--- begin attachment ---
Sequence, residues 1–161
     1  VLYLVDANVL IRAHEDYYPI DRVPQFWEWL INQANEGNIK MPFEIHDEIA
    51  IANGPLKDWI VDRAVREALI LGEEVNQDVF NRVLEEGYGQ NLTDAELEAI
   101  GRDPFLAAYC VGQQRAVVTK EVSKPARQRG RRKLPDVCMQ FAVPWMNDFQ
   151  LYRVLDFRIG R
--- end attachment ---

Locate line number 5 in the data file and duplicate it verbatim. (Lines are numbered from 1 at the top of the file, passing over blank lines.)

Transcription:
   151  LYRVLDFRIG R